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| Grosso Lavender Planting On Hillside |
Answered by: Inge Poot
Question from: Shannon
Posted on: March 03, 2011
I have a large order of 6500 Grosso lavender plugs coming in May. We are starting a lavender farm in >Virginia, USA.
I am wondering about the root depth of the plants. We are planting in rows on two hillsides. So there is fairly good drainage already. The top 8-10 inches of soil is a beautiful dark loam but below that is clay. I am going to disk hill the loam layer into approx 10 inch high beds for the length of each row. This will mean about a 16-18 inch dist from the base of the plant to where the clay layer starts. Do you think this depth is adequate to keep the roots out of the clay?
I know wet roots mean the death of lavender. I am trying to decide whether I need to trench out each row and fill with sand / or bury a drainage pipe before hilling the rows. Of course I don’t want to spend a lot of money on sand or pipe if you think the available depth of the hilled loam may be adequate.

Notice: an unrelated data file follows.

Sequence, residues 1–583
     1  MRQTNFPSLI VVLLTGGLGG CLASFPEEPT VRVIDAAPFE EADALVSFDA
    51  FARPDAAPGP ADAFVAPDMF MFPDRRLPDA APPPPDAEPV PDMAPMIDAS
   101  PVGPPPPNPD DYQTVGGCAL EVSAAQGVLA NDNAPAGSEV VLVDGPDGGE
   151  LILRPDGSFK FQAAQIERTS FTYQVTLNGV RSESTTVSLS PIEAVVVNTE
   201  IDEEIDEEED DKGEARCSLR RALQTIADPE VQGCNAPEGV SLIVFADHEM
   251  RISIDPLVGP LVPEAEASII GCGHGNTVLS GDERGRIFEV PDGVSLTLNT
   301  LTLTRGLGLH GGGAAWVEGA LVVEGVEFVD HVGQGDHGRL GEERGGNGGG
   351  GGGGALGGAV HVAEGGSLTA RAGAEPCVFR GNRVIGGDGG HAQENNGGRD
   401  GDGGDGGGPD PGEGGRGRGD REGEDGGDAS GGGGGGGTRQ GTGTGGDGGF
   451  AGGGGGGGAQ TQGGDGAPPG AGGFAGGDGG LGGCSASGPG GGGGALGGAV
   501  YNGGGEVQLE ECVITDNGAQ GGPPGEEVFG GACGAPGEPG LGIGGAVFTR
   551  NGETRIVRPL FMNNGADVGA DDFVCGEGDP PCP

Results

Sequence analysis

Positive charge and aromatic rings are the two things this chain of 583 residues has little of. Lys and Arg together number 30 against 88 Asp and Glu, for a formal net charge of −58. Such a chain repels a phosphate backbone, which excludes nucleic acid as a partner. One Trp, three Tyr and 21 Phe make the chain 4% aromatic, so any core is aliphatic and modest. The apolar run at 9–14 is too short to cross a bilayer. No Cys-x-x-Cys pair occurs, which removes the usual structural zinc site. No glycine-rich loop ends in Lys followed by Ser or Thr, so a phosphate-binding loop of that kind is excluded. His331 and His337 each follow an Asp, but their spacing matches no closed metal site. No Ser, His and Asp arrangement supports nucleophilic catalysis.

I think just hilling the soil as you propose to do will be just fine. Only the winter worries me a bit because by making small hills the roots will cool down faster in the winter than if they were in level soil. Grosso lavender is hardy to zone 5 and if you live in northern Virginia you are in zone 6. The roots in the hills could experience as much cold as in flat zone 4 land, because roots in pots experience cold two zones colder than in ground plants in the same zone- your hill is almost as exposed as a pot. I would advise a winter mulch and a slight incline to the rows to stop water accumulating in the ditches during the winter freeze-up.